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Notes from the back row

An "A" for Easy A

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What I like most about high school movies is they are kinda like actually going to high school, but with no tests, no detention, and after 90 minutes or so you get a happy-ever-after ending (usually revolving around prom) that distracts from the shitty reality that life will never again be that simple.

Easy A stars my favourite up-and-comer Emma Stone as a less-than-popular high schooler who lies to her best friend about losing "her v-card" (virginity) and when the entire school finds out she rolls with it, fake-screwing all kinds of nerds, dorks and gays in order to boost their social status too - because everyone knows it's way better to be perceived as a slut than a liar.

Riffing on that old book, The Scarlet Letter but then dismissing it just as quickly, Easy A is more Clueless than Mean Girls but it does have some snappy humour and lots of great digs at the bible-thumping Jesus freaks (even though Stone's character Olive is something of a saviour who takes on the sins of others and redeems them).

The second half of Easy A falters a bit, like most comedies these days, and although Stanley Tucci and Patricia Clarkson nail it as the cool parents, the film ultimately belongs to Emma Stone. Stone has that perfect mix of hot-yet-approachable, and a voice that could do Playboy Satellite Radio if her film career ever fizzles. Which it won't, because she's awesome.

Ben Affleck is not awesome, at least he wasn't back when he kept making those crapfest romantic comedies. These days he is directing and even I have to admit Gone Baby Gone was really good. Old Bennifer is back at it again this week with The Town, his second stab behind the camera-another gritty crime story set in Boston, and another success.

Affleck stars as the honourable thief looking for an exit and he doesn't suck. Plus he's surrounded himself with talent like Jeremy Renner ( The Hurt Locker) as the crazy best friend and Blake Lively ( Sisterhood of the Traveling Pants 1&2) as the sometimes-girlfriend. Ben seems to be a director able to work with actors and get their best.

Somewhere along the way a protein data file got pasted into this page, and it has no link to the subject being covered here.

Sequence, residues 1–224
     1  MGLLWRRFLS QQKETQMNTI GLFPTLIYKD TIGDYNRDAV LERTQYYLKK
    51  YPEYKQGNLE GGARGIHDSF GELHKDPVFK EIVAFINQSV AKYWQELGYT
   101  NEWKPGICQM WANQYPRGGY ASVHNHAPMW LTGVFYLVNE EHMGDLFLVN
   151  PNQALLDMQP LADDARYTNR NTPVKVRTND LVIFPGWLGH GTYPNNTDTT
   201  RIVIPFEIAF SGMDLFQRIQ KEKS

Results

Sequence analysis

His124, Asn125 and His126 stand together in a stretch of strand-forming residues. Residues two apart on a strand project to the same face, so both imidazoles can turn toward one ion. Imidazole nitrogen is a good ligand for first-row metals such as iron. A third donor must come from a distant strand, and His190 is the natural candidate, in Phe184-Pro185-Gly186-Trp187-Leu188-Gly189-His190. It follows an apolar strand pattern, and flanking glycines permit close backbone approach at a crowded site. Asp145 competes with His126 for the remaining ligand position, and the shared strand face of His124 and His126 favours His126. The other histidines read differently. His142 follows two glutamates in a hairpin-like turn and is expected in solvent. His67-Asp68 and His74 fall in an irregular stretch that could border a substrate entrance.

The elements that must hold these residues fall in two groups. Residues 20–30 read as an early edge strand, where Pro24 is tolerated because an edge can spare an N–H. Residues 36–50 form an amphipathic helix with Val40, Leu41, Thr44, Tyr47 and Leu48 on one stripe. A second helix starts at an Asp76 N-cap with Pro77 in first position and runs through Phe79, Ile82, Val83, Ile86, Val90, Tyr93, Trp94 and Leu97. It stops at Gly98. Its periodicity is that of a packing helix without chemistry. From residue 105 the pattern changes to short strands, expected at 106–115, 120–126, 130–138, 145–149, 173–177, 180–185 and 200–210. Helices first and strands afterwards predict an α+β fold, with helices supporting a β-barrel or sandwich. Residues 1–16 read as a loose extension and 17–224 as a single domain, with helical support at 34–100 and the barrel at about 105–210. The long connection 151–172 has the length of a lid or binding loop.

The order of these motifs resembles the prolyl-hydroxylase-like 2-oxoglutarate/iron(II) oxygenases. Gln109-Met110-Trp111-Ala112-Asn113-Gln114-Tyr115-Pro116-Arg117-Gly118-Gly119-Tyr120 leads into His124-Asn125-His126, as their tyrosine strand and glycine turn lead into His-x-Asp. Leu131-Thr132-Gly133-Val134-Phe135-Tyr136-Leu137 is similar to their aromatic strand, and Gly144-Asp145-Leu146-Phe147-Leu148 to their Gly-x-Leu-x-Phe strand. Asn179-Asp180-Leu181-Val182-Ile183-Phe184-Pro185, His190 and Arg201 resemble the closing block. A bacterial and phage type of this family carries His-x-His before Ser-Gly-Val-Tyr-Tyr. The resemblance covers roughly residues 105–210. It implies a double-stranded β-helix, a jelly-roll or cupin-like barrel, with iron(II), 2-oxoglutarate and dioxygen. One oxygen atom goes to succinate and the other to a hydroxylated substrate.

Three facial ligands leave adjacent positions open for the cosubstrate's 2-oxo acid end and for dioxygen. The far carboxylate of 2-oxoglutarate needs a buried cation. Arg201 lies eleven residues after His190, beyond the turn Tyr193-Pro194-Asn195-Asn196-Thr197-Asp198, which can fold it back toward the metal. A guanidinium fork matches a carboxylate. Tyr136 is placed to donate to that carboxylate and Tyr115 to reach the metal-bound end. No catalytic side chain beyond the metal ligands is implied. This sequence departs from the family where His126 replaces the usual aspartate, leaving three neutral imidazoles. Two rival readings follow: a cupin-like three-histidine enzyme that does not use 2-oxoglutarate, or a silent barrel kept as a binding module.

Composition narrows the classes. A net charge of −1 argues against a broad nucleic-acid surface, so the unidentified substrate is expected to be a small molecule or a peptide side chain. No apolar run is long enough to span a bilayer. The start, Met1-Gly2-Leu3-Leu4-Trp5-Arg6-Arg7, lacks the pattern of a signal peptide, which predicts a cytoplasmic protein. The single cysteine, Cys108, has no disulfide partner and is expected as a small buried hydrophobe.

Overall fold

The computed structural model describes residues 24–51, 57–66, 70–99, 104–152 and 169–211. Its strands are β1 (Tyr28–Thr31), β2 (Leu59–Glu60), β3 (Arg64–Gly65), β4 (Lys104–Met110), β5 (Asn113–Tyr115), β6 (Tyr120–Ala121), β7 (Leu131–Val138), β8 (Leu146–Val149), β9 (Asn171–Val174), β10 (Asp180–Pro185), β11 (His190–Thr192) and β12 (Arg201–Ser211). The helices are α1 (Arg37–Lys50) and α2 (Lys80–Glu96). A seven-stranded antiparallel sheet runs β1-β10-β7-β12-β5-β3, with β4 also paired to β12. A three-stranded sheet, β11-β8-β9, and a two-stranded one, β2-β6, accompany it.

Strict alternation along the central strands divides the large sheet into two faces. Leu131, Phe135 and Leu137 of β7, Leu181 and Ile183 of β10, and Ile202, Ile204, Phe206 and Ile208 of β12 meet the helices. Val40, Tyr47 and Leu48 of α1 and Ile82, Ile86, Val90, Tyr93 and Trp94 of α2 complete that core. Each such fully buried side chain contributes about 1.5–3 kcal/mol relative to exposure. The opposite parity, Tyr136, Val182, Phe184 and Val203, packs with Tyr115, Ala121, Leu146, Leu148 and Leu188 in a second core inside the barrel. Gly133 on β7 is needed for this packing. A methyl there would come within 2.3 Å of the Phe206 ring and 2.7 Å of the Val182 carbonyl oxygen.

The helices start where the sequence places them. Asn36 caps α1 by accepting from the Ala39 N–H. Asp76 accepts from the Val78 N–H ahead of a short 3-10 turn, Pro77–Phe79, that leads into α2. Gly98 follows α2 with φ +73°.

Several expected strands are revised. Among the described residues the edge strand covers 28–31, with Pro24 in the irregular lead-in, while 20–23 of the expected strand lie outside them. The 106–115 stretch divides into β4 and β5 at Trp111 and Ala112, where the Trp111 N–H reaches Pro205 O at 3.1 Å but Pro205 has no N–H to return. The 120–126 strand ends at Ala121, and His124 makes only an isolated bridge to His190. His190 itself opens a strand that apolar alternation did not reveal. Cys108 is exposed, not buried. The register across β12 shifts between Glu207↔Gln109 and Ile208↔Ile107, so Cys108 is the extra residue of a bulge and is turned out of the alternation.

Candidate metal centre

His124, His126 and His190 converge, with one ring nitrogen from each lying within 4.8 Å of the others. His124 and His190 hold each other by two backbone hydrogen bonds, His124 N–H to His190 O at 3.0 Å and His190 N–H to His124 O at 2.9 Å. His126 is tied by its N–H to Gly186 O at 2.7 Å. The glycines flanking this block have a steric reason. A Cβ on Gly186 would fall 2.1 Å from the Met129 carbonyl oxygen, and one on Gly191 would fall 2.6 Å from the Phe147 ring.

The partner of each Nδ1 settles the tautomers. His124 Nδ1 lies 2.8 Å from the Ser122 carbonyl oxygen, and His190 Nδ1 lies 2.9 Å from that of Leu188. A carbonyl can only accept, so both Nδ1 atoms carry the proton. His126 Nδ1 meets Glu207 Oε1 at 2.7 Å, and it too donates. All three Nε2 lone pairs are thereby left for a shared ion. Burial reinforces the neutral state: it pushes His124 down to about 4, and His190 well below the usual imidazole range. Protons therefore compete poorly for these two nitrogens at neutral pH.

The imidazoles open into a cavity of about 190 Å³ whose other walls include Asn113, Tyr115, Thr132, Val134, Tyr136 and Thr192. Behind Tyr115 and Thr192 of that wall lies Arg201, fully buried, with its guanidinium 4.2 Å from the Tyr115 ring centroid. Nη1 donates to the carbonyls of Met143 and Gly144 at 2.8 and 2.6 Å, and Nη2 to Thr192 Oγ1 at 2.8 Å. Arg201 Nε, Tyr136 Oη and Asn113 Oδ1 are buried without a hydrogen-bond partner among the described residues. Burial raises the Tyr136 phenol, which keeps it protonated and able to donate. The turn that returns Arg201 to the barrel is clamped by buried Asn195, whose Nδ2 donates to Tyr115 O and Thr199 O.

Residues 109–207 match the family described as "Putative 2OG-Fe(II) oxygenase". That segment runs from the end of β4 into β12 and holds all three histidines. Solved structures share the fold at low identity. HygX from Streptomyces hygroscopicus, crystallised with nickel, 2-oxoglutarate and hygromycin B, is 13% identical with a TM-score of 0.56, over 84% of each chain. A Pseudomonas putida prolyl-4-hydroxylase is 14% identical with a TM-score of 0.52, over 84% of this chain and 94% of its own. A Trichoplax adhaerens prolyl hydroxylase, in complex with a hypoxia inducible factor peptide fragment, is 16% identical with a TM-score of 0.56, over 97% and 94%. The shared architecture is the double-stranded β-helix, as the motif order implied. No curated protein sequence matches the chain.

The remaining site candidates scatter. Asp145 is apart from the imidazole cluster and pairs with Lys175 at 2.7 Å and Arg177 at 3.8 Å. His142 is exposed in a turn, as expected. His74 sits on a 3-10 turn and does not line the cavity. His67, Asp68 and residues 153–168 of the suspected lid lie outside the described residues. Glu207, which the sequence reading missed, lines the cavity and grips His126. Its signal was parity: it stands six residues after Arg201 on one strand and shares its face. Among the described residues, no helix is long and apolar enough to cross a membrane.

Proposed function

The Town is an action-heist-love story-crime flick in the tradition of the old pulpy James Cagney films of the '30s and '40s. It's classic storytelling - not as subdued and cerebral as Gone Baby Gone but certainly worth checking out.

Devil looks like it is worth checking out. It's a claustrophobic horror film about a group of strangers trapped in an elevator and one of them is the devil. Sounds awesome right? Except there were no pre-screenings available for anyone (always a bad sign) and while it is directed by the dudes who made Quarantine it's also produced by M. Knight Shamalayan (really bad sign). So all I can really say about this one is go and expect to walk out disappointed. M. Knight is garbage, but at least he isn't directing so this has a chance. But I wouldn't bet on it.

The last film opening at the good old Village 8 this week is Alpha and Omega , an animated romantic adventure flick about wolves on the road. Dennis Hopper has voice work in this, one of his last roles, but otherwise it looks like pretty standard kiddie fair.

The DVD of the week is Wall Street with Michael Douglas. The "Greed is Good" attitude has never been more apparent than these last few years and Wall Street 2 , directed by Oliver Stone, opens next week.

 

 

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